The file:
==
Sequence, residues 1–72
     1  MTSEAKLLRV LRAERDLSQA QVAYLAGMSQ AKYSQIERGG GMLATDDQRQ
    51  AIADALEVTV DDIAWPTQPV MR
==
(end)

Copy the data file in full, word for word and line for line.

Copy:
Sequence, residues 1–72
     1  MTSEAKLLRV LRAERDLSQA QVAYLAGMSQ AKYSQIERGG GMLATDDQRQ
    51  AIADALEVTV DDIAWPTQPV MR